“And what did it profit me that all of the books I could procure of the so-called liberal arts, I, the vile slave of vile affections, read by myself, and understood? And I delighted in them, but knew not whence came all that therein was true or certain. For I had my back to the light, and my face to the things enlightened; whence my face, with which I discerned the things enlightened, itself was not enlightened.”

Augustine goes on to say that all this comes from God. It all sounds very much like Plato’s allegory of the cave, where someone does not see the true things, but shadows on the wall.

I had a little help in thinking about this from my downstairs neighbor, who is a graduate student in philosophy who has studied Augustine. Her take on the question is that Augustine was an Aristotelian before his conversion, and a Platonist afterwards. I think that is the best summation I have heard.

While I understand what Augustine is trying to say, I still am slightly annoyed that his take is nothing else matters but loving God. He seems to take the world as one big God-praise machine. I think Alan Watts had it right when he said that God cares about a lot more than religion, otherwise we would have a world full of nothing but churches, monasteries, and convents.

I have to wonder, too, why the editors of the set chose this reading and put it in this place. In one part, I think the questions that come up about Aristotle and Plato are natural ones and show the flow of the Great Conversation, such as it is. But I can’t help but wonder, too, whether they also meant it as a warning that the knowledge of these books is not complete and won’t answer every question. I don’t know what Robert Maynard Hutchins’s and Mortimer J. Alder’s personal views on God and religion are, but it does seem like there is more here than just the chronological progression of the conversation. It is something to think about as readers move through the program.

Next Time: Augustine Avoids a Snare of the Devil

Getting Dirty With Augutine — The Confessions Book I

In order to write about this next reading coherently, I am going to have to break it up into several parts. So, this time, I will take a look at book I of Augustine’s confessions.

He starts his confessions by exalting God, quoting and paraphrasing the bible to show piety and build his case. Then, he begins talking about his early life and childhood.

What is interesting is that in some ways, Augustine seems to search for the source of human knowledge and development. While he, as expected, ascribes it all to the grace of God, he spends time going through the stages of human development, the beginnings of consciousness, and learning. He describes how babies gesture and cry and gradually learn to speak to make their desires known.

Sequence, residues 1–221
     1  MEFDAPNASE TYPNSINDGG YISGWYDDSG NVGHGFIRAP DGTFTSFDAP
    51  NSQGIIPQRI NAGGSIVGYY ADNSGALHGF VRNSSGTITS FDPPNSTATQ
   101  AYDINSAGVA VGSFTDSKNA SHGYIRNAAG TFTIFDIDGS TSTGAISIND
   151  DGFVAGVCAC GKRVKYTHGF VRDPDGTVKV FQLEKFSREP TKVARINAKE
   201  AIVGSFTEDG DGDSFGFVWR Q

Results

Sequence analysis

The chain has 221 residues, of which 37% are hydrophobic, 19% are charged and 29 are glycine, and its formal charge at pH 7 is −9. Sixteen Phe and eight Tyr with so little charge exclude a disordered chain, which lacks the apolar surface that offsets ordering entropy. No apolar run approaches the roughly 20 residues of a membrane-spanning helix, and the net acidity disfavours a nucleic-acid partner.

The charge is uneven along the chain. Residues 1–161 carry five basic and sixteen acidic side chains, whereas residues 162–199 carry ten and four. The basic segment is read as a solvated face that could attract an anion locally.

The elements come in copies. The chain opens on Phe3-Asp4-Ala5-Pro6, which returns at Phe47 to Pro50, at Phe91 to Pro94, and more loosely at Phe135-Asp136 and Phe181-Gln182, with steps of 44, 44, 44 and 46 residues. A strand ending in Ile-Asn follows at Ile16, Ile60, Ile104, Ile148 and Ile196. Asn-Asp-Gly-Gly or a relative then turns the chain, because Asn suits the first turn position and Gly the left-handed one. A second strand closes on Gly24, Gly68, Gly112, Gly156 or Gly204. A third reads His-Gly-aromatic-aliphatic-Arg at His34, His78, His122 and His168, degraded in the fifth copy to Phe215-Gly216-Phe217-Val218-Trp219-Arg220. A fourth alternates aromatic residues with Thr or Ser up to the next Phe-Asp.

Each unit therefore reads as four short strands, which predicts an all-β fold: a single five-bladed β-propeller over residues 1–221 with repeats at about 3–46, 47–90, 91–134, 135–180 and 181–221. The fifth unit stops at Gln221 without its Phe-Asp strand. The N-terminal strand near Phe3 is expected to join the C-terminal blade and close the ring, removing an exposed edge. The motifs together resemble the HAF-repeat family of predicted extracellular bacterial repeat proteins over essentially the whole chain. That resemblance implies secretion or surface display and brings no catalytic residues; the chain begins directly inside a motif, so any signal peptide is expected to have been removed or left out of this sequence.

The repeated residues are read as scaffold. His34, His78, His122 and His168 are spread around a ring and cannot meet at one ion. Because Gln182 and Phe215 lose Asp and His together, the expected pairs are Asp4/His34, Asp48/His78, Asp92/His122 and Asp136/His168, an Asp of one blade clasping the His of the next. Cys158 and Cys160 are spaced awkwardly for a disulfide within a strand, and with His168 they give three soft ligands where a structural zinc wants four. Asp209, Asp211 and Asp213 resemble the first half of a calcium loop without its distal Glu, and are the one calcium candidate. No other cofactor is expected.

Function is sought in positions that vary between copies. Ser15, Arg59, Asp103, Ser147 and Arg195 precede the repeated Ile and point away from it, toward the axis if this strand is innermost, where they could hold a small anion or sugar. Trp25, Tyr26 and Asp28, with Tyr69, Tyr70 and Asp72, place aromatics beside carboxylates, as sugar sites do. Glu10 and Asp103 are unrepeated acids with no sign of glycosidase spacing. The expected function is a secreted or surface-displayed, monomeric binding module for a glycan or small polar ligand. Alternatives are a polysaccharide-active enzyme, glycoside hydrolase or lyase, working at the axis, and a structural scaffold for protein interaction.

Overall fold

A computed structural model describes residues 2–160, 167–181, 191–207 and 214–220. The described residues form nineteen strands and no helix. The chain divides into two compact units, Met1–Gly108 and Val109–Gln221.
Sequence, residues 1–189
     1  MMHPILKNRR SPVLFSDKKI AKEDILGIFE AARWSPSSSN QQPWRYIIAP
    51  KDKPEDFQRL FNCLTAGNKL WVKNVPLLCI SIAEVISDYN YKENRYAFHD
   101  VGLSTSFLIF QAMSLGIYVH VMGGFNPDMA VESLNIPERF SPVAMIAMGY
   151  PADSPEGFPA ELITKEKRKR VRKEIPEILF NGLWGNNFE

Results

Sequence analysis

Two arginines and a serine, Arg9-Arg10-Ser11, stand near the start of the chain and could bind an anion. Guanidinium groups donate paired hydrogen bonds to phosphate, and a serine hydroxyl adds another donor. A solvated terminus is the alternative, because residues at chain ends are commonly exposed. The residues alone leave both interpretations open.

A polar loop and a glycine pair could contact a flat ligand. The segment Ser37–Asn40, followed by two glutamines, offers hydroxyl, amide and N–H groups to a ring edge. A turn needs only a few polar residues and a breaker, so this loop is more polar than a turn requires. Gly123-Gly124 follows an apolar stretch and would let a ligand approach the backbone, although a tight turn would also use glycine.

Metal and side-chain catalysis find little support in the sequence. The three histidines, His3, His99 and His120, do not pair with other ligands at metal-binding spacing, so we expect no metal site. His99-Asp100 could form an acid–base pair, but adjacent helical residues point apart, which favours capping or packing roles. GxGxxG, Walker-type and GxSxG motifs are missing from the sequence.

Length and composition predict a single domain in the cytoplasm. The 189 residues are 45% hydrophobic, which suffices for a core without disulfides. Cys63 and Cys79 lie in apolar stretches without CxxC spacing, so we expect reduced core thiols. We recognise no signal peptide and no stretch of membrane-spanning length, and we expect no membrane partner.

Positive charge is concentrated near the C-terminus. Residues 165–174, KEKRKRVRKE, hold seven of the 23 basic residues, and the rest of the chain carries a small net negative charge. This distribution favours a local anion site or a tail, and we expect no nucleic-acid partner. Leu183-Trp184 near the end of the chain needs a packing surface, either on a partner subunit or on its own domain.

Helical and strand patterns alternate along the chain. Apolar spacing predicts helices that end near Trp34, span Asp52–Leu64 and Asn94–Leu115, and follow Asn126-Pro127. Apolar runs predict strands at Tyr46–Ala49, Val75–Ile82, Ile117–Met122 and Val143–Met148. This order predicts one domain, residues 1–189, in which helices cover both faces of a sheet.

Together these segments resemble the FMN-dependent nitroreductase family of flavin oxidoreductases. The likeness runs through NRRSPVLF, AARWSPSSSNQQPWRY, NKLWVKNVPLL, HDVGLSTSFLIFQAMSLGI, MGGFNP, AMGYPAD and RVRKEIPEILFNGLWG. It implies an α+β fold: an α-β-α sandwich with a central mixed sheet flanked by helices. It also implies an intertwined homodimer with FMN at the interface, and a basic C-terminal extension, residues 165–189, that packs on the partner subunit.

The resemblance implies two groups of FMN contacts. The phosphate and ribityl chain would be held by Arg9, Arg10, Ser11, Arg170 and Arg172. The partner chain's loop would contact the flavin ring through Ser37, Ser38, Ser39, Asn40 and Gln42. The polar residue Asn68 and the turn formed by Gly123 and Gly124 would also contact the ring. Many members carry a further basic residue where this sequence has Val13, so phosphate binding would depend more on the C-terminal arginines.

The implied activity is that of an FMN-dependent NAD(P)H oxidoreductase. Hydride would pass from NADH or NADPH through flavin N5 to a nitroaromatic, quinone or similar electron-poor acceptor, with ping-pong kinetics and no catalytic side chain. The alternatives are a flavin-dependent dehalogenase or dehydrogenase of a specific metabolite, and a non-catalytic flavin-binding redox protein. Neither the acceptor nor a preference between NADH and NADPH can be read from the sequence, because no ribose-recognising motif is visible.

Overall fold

He gives it all over to God, including the milk that comes from his mother and his nurses. Giving thanks to God is one thing. But I think that some question of whether they had a choice is important, if only because they are also actors in the world, and so have shown some obedience or piousness by taking care of a child and not just leaving it. Augustine presents it all as though it were on automatic pilot.

The other interesting part of book I is his discussion of his education. Augustine shows a change in the perception of divinity when he talks about reading Homer’s descriptions of the Gods, including the philandering of Zeus. I really find this part interesting, because the popular description of Greek myths talk about how the Gods were used to explain human behavior. Here is Augustine’s take on that:

“And now which of our gowned masters lends a sober ear to one who from their own school cries out, ‘These were Homer’s fictions, transferring things human to the gods; would he had brought down divine things to us!’ Yet more truly has he said, ‘These are indeed his fictions; but attributing a divine nature to wicked men, that crimes might be no longer crimes, and whoso commits them might seem to imitate not abandoned men, but the celestial gods.'”

So, there is something to watch out for — Augustine is telling us to be careful about our sources to make sure that they do not make the weak argument the stronger. Plato’s shade continues to haunt Christianity and carries on through the Great Conversation here.

Nonetheless, I think this represents a break from the Gods of Ancient Greece and Rome as fallible deities who knew our weaknesses to an infallible God that was truly separate from us in all ways. Seeing as how Augustine was and early bishop of the Catholic church, it leads to speculation about how much he influenced the papal infallibility doctrine. Someone more learned in church history will need to take up that, however.

Instead, my focus in the Great Conversation in these books. Augustine shows us that education can lead to trouble and that the sophists were still around long after Plato. Augustine writes that in a search for eloquence and rhetorical excellence, education can be a bad thing.

“In the quest of the fame of eloquene,  man standing before a human judge, surrounded by a human throng, declaiming against his enemy with fiercest hatred, will take heed most watchfully lest, by an error of the tonue, he murder the word ‘human being’; but takes no heed lest, through the fury of his own spirit, he murder the real human being.”